Bitter fight over food court at Mumbai’s swankiest office tower

October 21, 2022

The Bombay High Court (HC) has refused to entertain a plea from entities owned by the Blackstone Group with regard to a dispute involving the use of a mega food court at One Indiabulls Center in Mumbai where the swankiest office spaces are available on a long lease.

The HC has asked it to approach the Court of Small Causes. In early 2020, the Blackstone Group completed the part acquisition of two of Mumbai’s largest commercial towers from Indiabulls Properties in Parel, which was part of a larger ₹2,700 crore deal with Indiabulls Group.

One Indiabulls Center has office space of more than 5 lakh sq ft and the disputed food court is housed in the premises measuring 16,256 sq ft.

Lawyers’ take

The lawyers for the entities controlled by Blackstone argued that Kailasa Urja (Symphony Kitchen), the company running the food court, had Leave and Licence Agreement that expired by efflux of time on July 31, 2021, which is almost a year back and the respondent cannot continue to occupy the licensed premises.

Kailasa Urja has claimed that it has suffered a loss of ₹16.64 crore. Their lawyers argued that when they were given possession of the food court, the premises were in bare shell condition without even basic infrastructure.

Hence, Kailasa Urja developed everything needed to set up and operate a food court at its own cost. At the time, the tower’s occupancy was also low, so the company operated the food court at a substantial loss.

Kailasa Urja said it was understood between the parties that the agreement would be executed for at least 10 years. Now, since Blackstone Group entities have come into play, they have asked Kailasa Urja to vacate.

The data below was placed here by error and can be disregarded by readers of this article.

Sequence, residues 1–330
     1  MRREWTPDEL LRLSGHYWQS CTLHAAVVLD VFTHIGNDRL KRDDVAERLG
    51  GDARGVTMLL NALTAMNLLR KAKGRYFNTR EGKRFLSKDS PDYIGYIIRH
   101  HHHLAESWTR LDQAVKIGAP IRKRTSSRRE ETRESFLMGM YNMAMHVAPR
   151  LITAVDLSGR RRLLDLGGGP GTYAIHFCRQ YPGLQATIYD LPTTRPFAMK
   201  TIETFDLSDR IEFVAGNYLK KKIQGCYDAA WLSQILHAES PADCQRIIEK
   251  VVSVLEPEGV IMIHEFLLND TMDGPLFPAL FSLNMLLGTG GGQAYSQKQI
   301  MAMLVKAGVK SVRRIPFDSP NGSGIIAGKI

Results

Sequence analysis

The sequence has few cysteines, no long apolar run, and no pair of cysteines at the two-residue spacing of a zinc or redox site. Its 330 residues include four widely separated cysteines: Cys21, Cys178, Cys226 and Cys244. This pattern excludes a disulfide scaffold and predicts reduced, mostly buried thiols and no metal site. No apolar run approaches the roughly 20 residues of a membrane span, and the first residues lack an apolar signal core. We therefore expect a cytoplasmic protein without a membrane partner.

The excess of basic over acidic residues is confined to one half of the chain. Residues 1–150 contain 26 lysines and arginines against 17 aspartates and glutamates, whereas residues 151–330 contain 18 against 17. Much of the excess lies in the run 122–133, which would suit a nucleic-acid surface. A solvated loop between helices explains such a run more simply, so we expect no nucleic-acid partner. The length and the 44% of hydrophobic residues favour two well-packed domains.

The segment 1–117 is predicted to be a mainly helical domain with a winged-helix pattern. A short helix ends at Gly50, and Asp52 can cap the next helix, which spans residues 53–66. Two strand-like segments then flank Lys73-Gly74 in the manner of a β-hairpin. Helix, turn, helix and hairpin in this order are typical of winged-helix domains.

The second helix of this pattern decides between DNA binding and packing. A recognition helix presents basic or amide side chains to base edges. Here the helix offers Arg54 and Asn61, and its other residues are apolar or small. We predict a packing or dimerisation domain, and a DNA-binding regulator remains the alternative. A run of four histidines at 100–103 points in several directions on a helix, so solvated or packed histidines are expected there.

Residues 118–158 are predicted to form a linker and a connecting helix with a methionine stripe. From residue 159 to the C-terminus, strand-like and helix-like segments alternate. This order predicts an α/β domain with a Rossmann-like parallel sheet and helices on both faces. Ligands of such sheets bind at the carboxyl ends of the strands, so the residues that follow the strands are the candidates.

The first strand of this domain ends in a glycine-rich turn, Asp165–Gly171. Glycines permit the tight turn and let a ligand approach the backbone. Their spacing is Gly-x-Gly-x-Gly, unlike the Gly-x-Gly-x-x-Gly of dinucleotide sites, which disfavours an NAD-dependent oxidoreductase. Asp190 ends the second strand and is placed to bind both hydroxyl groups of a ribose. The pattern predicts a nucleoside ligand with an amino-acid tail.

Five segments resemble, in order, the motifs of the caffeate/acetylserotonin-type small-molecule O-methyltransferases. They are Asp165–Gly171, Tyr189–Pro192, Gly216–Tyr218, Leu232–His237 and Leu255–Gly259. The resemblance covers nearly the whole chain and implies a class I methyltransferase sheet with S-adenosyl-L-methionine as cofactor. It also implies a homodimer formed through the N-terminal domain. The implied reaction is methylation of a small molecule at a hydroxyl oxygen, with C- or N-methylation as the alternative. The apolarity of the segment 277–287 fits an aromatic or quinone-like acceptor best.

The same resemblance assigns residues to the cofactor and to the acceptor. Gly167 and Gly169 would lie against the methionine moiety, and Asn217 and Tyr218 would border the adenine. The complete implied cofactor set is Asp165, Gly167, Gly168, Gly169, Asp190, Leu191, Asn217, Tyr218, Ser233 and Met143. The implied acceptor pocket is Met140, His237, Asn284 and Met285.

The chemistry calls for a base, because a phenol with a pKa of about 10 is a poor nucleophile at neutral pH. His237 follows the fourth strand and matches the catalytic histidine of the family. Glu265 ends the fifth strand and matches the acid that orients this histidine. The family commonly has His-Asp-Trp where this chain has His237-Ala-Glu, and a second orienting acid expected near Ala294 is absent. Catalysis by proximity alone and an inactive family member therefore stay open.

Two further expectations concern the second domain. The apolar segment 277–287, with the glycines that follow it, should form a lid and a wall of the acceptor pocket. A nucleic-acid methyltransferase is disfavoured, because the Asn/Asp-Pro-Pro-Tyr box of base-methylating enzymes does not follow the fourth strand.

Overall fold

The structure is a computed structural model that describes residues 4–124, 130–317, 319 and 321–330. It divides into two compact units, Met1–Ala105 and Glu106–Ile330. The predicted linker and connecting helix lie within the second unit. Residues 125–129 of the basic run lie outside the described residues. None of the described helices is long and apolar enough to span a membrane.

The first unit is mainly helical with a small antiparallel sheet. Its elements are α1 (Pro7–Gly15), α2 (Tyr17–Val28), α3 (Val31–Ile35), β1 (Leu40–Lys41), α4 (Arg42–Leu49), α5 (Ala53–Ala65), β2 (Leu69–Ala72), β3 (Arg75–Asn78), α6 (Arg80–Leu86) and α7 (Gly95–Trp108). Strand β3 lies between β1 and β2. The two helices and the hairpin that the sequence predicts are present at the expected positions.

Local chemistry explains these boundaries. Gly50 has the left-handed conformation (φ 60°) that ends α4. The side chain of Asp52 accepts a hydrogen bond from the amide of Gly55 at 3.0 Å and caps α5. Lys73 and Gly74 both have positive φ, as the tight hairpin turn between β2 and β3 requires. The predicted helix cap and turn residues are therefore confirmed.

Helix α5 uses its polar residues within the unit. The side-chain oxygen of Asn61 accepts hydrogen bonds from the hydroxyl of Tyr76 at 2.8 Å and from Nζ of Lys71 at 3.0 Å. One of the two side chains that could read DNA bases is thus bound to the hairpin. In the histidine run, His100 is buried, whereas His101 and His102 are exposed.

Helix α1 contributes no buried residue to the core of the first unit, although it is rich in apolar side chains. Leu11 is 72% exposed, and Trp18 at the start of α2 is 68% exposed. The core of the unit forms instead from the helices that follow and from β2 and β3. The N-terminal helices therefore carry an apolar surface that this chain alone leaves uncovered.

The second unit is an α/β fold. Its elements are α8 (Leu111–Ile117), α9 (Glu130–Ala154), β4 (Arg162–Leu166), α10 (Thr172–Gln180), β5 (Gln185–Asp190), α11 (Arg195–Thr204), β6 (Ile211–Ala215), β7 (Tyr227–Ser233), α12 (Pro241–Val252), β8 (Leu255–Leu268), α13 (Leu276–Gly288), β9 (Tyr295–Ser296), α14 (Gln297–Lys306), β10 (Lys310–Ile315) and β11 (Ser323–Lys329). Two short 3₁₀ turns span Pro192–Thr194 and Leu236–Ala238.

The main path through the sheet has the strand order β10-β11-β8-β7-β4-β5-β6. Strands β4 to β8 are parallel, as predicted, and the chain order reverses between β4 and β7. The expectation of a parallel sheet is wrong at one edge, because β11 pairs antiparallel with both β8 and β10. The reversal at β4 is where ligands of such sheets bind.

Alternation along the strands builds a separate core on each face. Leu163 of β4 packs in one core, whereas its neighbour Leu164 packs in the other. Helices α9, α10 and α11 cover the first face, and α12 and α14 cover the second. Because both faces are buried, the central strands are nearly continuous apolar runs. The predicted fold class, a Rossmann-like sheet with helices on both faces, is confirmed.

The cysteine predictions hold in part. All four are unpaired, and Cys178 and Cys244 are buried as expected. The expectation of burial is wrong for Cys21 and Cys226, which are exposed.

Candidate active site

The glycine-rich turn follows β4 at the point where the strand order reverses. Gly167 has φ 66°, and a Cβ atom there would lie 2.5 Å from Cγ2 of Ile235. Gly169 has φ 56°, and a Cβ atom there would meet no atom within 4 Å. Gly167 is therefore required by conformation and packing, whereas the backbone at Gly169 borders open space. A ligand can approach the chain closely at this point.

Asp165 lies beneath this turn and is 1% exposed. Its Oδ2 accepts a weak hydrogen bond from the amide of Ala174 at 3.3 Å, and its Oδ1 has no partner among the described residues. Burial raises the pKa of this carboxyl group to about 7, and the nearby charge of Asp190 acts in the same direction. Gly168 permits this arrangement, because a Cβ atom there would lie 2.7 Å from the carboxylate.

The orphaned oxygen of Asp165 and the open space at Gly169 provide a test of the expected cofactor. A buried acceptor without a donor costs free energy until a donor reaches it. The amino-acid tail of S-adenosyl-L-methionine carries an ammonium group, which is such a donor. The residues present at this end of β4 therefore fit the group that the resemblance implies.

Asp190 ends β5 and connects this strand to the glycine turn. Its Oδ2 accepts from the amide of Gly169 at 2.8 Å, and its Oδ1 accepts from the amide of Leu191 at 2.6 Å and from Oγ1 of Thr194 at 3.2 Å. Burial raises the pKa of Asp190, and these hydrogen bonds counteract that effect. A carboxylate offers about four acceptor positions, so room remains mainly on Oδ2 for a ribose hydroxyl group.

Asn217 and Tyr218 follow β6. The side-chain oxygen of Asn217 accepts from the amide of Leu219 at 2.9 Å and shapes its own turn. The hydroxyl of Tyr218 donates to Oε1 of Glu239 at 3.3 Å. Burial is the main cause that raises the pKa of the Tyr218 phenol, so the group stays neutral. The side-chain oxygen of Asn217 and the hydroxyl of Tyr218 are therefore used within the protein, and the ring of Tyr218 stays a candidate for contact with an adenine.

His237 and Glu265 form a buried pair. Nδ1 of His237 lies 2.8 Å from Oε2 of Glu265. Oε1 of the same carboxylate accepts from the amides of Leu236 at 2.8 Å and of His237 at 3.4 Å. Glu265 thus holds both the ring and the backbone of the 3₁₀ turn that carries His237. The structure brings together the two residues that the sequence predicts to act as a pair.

Further, it was also stated by Kailasa Urja in the court documents that Aditya Birla had encroached on the respondents (food court) area of about 2,000 sq ft as licenced in favour of the respondent which was revealed to the respondent by the Aditya Birla Group by providing a copy of the agreement.

PSCC Act, 1882

Also, Kailasa Urja raised a preliminary objection to the maintainability of the petition on the ground that the disputes are not arbitrable as necessarily by statutory implication arbitration would be barred in view of the provisions of Section 41 of the Presidency Small Cause Courts Act, 1882 (PSCC).

The HC told the petitioner (Blackstone Group entities) that the real dispute between the parties is in relation to the possession of the licensed premises being claimed by the petitioner and asked it to approach the Court of Small Causes.

In the view of HC, the exclusive jurisdiction of the Court of Small Causes under Section 41 of the PSCC Act would remain sacrosanct and stand unaffected even if the parties agree to an arbitration agreement in the Leave and Licence Agreement.

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